How did you come to the story, Fat Angie?
I was sitting in a mom and pop diner in Madison, Wisconsin. Dead of winter with five-foot snow stacks. I had this antiquated iPod that landed on Lenny Kravitz’s “Are You Gonna Go My Way.” Something in the opening riff of that electric guitar hooked my attention — ignited this voice and visual. I asked the waitress, Grace, if I could borrow a pen, and scribbled out on a napkin what would be the opening of FAT ANGIE. The intensity in the music jumpstarted my imagination, and there was no hitting pause. The girl who would live large rocked the page!
2. What makes Angie a strong girl?
This isn’t a story where the handsome guy rescues the female protagonist. It isn’t a love triangle either. This is the story of a girl who must find her own value and strength through challenging herself to be more than her couldn’t-be-bothered mother, couldn’t-care-less adopted brother and most of the people in her school believe she can be. Angie has to find her own strength and be comfortable in her own skin — and not by dropping thirty pounds to be loved and/or belong. And with new girl in town, KC Romance, Angie also has a chance to have someone mirror her true self which also helps her to recognize she is beautiful … just the way she is. No weight makeover required.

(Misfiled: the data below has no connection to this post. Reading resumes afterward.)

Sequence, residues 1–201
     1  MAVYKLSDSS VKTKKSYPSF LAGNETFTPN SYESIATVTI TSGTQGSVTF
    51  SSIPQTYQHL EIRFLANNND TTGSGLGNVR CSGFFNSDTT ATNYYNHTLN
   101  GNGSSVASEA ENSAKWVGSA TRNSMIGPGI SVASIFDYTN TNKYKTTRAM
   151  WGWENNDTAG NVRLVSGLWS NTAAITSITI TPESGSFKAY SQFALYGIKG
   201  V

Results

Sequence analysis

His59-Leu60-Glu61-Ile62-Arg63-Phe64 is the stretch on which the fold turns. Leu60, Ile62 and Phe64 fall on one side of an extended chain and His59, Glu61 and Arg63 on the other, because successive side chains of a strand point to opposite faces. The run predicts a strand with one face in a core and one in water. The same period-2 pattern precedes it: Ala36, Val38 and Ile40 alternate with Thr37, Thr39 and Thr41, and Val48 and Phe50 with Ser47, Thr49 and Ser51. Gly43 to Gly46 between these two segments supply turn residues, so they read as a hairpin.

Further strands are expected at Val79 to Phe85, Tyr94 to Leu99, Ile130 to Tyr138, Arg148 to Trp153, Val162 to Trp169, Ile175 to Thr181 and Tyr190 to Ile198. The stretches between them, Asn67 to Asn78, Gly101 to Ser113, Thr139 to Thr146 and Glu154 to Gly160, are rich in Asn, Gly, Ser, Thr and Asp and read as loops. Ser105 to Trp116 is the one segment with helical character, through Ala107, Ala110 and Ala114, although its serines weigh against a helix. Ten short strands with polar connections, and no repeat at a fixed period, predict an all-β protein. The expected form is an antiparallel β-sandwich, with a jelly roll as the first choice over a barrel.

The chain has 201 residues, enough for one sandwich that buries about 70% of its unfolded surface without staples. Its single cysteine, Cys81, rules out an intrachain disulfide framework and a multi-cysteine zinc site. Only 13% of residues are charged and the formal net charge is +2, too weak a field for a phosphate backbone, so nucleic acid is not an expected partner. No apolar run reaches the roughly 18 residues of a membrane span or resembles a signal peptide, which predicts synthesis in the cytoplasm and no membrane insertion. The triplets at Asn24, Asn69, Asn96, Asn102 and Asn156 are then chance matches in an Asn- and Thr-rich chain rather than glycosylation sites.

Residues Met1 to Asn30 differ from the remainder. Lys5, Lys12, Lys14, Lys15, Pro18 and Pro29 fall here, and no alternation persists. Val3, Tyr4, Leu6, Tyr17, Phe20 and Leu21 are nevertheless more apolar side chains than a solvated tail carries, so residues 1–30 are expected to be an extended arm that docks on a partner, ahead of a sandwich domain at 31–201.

3. What was the most challenging part of writing Fat Angie? What was the sweetest surprise?
The most challenging part of writing Fat Angie was her mother. I never liked Connie — I resented her. She is a horrible mirror for Angie to see herself and is so closed off by her own fears and heartache that she essentially bullies her daughter. But that’s just it. Connie’s own pain and flawed process around it was an active part of her character journey. Knowing that allowed me to create someone who is not a flat, caricature of a person. Once I got that, it really opened up Connie and Angie’s dynamic and allowed a nuance I wouldn’t have otherwise arrived at.
The sweetest surprise was the plethora of pop culture that felt absolutely right for the narrative. Pop culture can really date a story fast, but it just flowed with this corky, funny, tragic and triumph story. As an avid fan of the television series Buffy The Vampire Slayer, it was so much fun to infuse components of that into the narrative in a way that felt authentic to the character KC Romance. Both Fat Angie and KC are allowed to express their “girl power” in their own unique ways. I didn’t set out to write feminist characters but was elated to see the evolution of both girls and the impact of pop culture on them and the narrative.
4. Finish this sentence, strong girls______
aren’t afraid to stand in their power, truth and embrace that when knocked down, it is simply an opportunity to get back up.
What are you working on next?
Candlewick Press recently purchased my fourth novel, When We Was Fierce. It is a gritty, urban story that chronicles the efforts of a group of friends to stay out of gang warfare.
I’m completing the documentary about my self-funded and unconventional book tour for Fat Angie called At-Risk Summer [http://nevercountedout.com/how-to-help/support-the-film/] We plan to hold special screenings across America in October 2014 while submitting to film festivals.